To demonstrate the CF like pancreatic lesions develop in populations residing in regions naturally low in selenium, Wallach and his wife, Ma Lan, M.D., a Chinese physician, traveled to China to conduct more research. In collaboration with researchers at Harbin Medical University, Wallach showed that hitherto ignored pancreatic lesions occurred in 35% of 1700 documented cases of Keshan disease (KSD), which is a cardiomyopathy occurring in low selenium regions of China. 15 In the meantime, other researchers have drawn attention to the aberrant oxygen free radical activity and the low selenium and antioxidant status in cystic fibrosis patients. 16 17 18 19
Although perinatal selenium and antioxidant vitamin deficiency is still not accepted as a cause of CF, it is agreed that selenium deficiency my develop in CF children because of digestive malabsorption or after prolonged total parinateral nutrition. 20 21 22 A case of cardiomyopathy in a CF patient which was caused by selenium deficiency has also been described.23 The therapy of CF patients with selenium and antioxidant vitamins has since also been tested in a clinical trial. One German group 24 concluded: "In cystic fibrosis (CF) patients the antioxidative balance is chronically disturbed. Free radicals were generated by bronchial-pulmonal infection and additionally (there) exists a deficiency of antioxidative substances by enteral malabsorption especially (of) vitamin E and selenium. For CF patients therefore we recommend a sodium selenite substitution therapy, best in combination with vitamin E."
Amalgam Fillings and Multiple Sclerosis.
Dr. Wallach mentions mercury from dental amalgam fillings as a cause of multiple sclerosis (MS). His critics argue that this is not proven, which is true, but authorities on MS would also agree that mercury is definitely on the list of suspect causative agents. The hypothesis that MS is caused by an allergic reaction to mercury from dental amalgam was first proposed in 1966 by Ernst Baasch. 25 This neurologist at University of Zurich became interested in the effects of mercury after he himself developed MS following the insertion of dental amalgam fillings. 26 In his subsequent study he noted the presence of amalgam fillings in 498 of 500 consecutively examined MS patients. As amalgam fillings are so common in the general population, he cautioned that this does not prove nor disprove a causal relationship. Baasch further found that 2 MS patients improved after they had their amalgam fillings removed. Another patient reportedly developed MS after she received her first amalgam fillings at 19 years of age; this patient, according to Baasch, could have been sensitized to mercury because she had been treated with mercury for congenital syphilis at 8 years of age. 27 Finally, this author also suggested that other toxic metals could be factors in the causation of MS. Studies of the mercury/amalgam status of 100 MS patients revealed that 11 of these patients had previously been treated with mercury ointments. The acute exacerbation of MS symptoms during removal (pulverization) of one old filling was reported by Ingalis. 28 Because of the apparent connection of mercury exposure with MS and other neurodegenerative diseases. 29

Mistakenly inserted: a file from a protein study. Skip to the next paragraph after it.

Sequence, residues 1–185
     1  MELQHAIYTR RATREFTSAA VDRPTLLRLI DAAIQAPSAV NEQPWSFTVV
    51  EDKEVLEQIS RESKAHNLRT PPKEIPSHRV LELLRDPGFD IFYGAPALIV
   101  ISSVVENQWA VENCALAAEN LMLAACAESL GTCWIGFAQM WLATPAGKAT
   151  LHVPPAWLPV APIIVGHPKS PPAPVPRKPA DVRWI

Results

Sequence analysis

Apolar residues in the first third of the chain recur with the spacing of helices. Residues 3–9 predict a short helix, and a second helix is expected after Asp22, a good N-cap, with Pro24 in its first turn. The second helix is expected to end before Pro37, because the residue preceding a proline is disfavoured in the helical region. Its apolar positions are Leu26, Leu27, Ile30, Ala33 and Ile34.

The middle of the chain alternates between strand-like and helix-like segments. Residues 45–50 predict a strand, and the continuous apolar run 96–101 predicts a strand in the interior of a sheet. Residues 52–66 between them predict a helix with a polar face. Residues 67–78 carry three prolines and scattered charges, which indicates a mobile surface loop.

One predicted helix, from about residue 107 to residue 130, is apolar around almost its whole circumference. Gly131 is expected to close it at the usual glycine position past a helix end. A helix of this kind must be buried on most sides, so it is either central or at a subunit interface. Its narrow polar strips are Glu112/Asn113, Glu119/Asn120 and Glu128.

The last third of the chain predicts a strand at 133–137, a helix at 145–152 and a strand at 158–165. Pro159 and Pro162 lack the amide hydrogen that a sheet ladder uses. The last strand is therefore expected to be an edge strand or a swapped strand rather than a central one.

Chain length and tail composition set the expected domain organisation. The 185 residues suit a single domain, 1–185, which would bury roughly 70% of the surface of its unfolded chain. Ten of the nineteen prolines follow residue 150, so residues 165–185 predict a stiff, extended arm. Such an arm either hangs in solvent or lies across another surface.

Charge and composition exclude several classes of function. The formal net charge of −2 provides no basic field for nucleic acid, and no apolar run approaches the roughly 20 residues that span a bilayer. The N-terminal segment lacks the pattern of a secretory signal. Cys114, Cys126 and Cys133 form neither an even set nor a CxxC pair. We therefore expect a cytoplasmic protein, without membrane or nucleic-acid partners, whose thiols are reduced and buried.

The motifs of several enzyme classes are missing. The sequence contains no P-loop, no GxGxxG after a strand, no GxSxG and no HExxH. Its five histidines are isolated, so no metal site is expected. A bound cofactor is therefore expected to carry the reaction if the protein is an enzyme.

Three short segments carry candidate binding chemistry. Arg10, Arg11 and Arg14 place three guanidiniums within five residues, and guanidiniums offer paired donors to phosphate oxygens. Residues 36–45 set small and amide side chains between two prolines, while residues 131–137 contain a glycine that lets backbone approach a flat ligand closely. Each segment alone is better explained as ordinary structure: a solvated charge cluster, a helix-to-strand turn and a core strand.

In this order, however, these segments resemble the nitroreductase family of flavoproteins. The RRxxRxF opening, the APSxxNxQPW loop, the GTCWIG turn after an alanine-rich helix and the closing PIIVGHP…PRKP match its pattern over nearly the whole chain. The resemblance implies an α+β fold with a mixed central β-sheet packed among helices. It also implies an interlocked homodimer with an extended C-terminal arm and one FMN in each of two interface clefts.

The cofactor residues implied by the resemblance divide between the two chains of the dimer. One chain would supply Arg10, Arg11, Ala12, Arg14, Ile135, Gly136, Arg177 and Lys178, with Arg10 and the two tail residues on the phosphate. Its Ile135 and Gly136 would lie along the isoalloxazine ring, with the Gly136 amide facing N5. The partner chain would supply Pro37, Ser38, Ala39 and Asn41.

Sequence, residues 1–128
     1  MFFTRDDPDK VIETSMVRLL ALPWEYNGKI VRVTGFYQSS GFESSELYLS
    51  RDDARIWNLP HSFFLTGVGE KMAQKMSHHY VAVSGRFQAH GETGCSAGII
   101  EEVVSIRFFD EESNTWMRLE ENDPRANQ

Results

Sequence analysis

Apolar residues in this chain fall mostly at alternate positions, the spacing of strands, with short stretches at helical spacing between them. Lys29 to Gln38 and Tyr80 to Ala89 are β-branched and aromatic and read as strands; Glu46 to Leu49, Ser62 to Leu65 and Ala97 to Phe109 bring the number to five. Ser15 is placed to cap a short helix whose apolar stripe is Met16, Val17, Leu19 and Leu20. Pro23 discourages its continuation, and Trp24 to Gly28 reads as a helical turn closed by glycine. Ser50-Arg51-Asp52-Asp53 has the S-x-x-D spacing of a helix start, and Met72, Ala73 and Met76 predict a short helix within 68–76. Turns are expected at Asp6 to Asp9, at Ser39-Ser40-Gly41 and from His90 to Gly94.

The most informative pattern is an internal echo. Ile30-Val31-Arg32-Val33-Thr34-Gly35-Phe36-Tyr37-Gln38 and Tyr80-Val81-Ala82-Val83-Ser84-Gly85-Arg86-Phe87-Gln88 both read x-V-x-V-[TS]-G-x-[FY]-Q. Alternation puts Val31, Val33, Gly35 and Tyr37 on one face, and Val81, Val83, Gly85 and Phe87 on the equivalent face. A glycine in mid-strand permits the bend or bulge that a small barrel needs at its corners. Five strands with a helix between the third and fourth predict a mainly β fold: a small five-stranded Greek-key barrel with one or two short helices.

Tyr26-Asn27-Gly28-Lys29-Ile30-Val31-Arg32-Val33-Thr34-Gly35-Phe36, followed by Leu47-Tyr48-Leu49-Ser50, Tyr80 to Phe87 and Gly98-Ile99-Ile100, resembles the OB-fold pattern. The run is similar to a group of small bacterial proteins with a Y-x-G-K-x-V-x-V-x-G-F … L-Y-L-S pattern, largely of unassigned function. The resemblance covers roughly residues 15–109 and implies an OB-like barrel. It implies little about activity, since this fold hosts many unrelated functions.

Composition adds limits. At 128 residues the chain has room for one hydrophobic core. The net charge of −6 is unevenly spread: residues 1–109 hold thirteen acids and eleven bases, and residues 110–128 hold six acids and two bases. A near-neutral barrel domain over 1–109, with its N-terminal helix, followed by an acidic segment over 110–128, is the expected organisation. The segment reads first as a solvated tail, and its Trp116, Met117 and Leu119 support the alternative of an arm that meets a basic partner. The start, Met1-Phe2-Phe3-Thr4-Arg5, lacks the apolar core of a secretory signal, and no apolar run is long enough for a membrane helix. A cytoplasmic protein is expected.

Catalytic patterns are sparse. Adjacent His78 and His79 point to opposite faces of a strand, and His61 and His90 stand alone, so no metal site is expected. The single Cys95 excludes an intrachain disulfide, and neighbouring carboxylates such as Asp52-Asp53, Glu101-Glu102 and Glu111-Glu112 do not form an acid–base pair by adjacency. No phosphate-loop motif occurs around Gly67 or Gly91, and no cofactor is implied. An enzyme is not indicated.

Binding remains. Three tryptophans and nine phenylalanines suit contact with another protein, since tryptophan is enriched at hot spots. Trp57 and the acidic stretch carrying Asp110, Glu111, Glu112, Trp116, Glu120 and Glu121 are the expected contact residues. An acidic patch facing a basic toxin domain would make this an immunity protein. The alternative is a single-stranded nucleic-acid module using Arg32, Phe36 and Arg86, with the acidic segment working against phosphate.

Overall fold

Cardiomyopathy — A Selenium Deficiency Disease?
Wallach states that cardiomyopathy is caused by a selenium deficiency, his critics counter that cardiomyopathy is really an entire group of heart muscle diseases with several different causes. Wallach uses a pathologically more precise definition of cardiomyopathy, based on the detection of oxygen radical damage of the heart muscle. Oxygen radical damage of the myocardium can occur in many diseases. Since selenium prevents the generation of oxygen radicals, cardiomyopathy is caused by primary selenium deficiency in regions naturally low in selenium, as was first shown to be the case in the Keshan Disease regions of China. 30 Cardiomyopathies due to selenium deficiency were at first considered unlikely to develop in the Western industrialized nations until they were shown to occur in patients after prolonged total parenteral nutrition, in subjects with destructive lifestyles such as alcoholics, in patients suffering from intestinal malabsorption or from diseases resulting in decreased Se retention such as AIDS and in cancer patients treated with certain catatonic drugs. Selenium deficiency also plays a role in the causation of Coxsackie B-virus (CBV) induced cardiomyopathies, as nonpathogenic strains of CBV have been shown to become highly pathogenic under conditions of selenium deficiency. 31 Selenium deficiency thus is the major cause of cardiomyopathy. Classical textbooks of cardiology, even the newest excellent and up to date reference book on "Nutritional Influences on Illness" [2nd Edition 1993, Third Line Press, Tarzana, Calif., p. 189], clearly states that selenium deficiency is associated with the development of cardiomyopathy, while deficiencies of other agents, e.g. magnesium, L-carnitine, coenzyme Q only may be factors in the development of the condition.
Copper Deficiency — A Cause of Aneurysms, Graying Hair and Facial Wrinkles?
Wallach is being criticized for stating that all aneurysms are caused by a copper deficiency, when he in fact only claims that aneurysms are most frequently caused by copper deficiency. That this is true is know from studies in many animal species (e.g. pigs, guinea pigs, rabbits, cattle, chicks, turkeys, etc.)